The blip in the Haggards' attractive facade came after Samantha mandated some daddy-daughter time between Ted and his oldest child, Christy (who's still living at home at age 30?). Instantly, both Ted and her younger brother started attacking Christy for implying that Ted was "not trying." Either this was a reaction to her usurping precious camera time, or the family atmosphere is so externally pressurized that the smallest internal criticism or need is seen as a betrayal.

At the end of the episode, the two couples sat down to discuss their experiences and engage in a little competitive PDA. Because both houses are staffed enough that chores aren't an issue, and the truncated time span of the swap clearly didn't impress either side with any genuine insights, the conversation quickly turned theological. You guys, a group of four people with less credibility on the subject could not be assembled. In a jaw-dropping moment, Ted compared his ordeal to the persecution of Jesus, and chortled that he had to "resurrect" in Colorado Springs, the very place where he had “crumbled.” When his wife mentioned Bob offering to cleanse her soul via sage and an eagle's wing, Ted cheerfully interjected "I should think the blood of Christ does that thoroughly!"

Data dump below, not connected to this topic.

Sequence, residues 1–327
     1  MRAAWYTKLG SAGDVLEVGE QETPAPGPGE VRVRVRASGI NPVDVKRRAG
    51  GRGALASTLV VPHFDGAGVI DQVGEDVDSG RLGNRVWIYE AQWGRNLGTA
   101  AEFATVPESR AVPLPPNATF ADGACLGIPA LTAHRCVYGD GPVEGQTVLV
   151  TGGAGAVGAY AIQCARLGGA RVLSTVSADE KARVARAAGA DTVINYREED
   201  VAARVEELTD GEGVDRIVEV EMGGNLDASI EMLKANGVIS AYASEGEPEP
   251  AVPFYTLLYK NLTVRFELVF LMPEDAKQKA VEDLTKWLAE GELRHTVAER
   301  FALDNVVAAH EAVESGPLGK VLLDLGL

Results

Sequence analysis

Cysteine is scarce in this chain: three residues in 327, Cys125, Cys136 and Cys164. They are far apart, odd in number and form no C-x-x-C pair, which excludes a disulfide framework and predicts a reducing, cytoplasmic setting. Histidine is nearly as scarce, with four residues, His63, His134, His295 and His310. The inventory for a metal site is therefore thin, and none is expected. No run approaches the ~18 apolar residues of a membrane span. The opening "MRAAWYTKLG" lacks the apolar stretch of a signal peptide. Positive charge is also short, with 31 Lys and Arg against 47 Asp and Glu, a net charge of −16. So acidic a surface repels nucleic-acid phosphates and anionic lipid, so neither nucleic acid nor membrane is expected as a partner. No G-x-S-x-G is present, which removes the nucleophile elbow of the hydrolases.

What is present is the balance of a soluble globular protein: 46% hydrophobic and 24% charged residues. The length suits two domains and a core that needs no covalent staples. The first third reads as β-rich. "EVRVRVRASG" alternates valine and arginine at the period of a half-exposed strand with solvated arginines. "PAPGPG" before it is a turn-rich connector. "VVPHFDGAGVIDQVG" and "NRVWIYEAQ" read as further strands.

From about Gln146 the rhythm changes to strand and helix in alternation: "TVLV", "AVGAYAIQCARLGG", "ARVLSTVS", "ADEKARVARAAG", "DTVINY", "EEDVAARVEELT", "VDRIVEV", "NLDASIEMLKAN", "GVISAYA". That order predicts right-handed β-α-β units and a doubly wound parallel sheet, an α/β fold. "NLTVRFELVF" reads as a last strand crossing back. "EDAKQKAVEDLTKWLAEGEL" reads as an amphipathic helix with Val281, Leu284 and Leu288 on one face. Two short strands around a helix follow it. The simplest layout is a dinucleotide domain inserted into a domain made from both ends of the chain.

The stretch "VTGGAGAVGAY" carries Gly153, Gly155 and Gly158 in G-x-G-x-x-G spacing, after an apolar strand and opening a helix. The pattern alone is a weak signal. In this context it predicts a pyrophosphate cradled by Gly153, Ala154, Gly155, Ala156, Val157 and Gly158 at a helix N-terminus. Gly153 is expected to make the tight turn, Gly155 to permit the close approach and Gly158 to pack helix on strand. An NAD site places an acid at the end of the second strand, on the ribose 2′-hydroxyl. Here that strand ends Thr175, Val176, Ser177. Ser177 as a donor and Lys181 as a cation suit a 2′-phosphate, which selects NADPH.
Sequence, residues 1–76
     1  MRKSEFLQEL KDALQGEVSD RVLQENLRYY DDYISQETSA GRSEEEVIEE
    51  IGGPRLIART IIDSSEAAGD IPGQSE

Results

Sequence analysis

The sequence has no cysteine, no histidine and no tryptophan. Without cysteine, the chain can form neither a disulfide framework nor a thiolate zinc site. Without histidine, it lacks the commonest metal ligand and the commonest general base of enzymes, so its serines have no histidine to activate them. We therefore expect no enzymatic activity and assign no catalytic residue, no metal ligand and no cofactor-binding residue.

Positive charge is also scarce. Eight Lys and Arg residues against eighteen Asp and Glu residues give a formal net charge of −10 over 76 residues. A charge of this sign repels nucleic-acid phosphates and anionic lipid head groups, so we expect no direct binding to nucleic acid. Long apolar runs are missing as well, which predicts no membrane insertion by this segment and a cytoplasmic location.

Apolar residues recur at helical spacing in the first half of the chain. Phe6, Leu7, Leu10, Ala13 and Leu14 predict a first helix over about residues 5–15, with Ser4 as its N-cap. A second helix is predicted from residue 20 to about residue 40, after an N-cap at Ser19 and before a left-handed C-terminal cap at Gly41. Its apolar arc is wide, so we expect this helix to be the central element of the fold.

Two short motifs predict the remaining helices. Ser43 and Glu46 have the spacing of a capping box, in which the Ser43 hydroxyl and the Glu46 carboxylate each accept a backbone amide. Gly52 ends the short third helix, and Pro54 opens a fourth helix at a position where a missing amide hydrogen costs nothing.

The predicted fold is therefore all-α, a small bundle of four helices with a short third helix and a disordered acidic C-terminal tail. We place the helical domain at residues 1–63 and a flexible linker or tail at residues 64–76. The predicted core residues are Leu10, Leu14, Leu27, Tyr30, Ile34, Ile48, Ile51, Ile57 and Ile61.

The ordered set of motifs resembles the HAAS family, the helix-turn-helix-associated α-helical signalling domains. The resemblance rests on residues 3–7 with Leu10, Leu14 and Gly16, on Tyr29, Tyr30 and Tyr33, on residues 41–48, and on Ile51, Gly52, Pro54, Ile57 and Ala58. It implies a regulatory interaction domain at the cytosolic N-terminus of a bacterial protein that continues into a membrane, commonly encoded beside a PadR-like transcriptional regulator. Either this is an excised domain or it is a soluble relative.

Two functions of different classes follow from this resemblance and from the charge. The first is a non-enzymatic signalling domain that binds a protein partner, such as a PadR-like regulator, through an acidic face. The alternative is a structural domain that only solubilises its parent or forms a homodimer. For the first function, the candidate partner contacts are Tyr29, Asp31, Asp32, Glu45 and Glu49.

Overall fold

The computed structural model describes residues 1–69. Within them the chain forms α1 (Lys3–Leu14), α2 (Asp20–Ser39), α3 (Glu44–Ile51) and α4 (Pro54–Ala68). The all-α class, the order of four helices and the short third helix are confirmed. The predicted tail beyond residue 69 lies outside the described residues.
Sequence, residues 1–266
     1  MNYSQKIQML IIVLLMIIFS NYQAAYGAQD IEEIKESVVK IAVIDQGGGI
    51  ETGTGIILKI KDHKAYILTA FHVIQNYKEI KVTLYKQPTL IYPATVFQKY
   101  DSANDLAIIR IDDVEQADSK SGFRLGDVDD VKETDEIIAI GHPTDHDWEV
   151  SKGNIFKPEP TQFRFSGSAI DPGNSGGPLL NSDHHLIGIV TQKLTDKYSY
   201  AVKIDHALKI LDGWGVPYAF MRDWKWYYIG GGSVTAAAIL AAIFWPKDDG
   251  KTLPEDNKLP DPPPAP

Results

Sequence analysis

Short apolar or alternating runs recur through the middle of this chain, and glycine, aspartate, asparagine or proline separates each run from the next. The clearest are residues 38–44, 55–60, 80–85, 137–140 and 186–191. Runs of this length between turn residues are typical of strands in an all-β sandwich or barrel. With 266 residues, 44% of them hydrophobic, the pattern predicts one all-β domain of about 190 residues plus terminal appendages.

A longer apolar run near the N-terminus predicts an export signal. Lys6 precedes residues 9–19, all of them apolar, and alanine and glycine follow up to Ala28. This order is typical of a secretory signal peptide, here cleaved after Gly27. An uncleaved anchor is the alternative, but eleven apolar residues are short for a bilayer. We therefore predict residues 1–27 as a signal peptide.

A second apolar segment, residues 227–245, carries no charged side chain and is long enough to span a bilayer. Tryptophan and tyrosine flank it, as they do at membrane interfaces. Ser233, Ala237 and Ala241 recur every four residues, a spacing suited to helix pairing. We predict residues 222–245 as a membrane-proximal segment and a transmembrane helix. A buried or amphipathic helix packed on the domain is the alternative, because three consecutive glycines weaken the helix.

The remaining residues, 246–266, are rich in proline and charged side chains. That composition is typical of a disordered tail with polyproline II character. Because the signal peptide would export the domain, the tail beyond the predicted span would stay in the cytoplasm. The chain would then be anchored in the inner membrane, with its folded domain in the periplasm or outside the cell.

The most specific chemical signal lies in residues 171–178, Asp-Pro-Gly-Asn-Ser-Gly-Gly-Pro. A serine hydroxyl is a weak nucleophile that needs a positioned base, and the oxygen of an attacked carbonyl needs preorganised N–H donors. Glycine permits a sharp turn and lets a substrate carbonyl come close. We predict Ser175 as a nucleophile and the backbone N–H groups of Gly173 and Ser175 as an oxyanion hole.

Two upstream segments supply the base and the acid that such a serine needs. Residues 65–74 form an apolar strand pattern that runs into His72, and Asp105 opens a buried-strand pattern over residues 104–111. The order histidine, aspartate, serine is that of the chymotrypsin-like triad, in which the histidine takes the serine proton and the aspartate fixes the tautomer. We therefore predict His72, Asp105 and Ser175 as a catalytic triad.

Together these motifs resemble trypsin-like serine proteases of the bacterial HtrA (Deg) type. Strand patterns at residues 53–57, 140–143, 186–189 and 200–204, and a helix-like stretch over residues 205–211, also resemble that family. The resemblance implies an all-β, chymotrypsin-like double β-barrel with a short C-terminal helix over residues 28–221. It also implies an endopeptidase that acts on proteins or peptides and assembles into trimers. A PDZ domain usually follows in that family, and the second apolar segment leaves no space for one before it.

Splashing around the phrase "the blood of Christ" on a reality TV show makes me almost as uncomfortable as watching someone who lied to his family and preached hate comparing a shameless PR campaign to the resurrection. Even Gary Busey seemed discomfited, like he was trying to wrap up the conversation. The show, at that point, was too nuts even for Busey.

Celebrity Wife Swap initially "soft-launched" after The Bachelor on Monday night, with a preview episode that swapped Tracy Gold and Carnie Wilson. In retrospect, it was clearly the TV equivalent of pulling long sleeves down over track marks for a job interview. The Carnie Wilson/Tracey Gold show was an interesting contrast of a creative, less-structured parenting style and a more regimented household. Both "celebrities" came off as down-to-earth, and the tone was more of an intimate conversation with charming people than a voyeuristic shame fest.

But the official premiere stripped away any pretense that these are people like us, with relatable household issues or simple family dynamics. I don't know what, if any, lessons can be gleaned from the singular situations of the Busey tribe or the Haggards' harrowing saga. But the sheer audacity of the show and the mental chess game these publicity-savvy celebrities played in spinning things to support their own zany perspective is absolutely riveting. It's ABC's edgiest fare by far.

Questions:

…Why couldn't this show be a husband swap? Why a wife swap?

…Is Gary Busey merely "on-camera crazy," or is he legitimately insane?

…The non-celebrity Wife Swap had the families trade wives for a full two weeks; the celebrities just trade a few days. Is this because the celebrities are honestly busy, or because their PR people are afraid of getting "that real"?

…The Haggards: recovering from a moral hiccup, or trapped in a dysfunctional hell?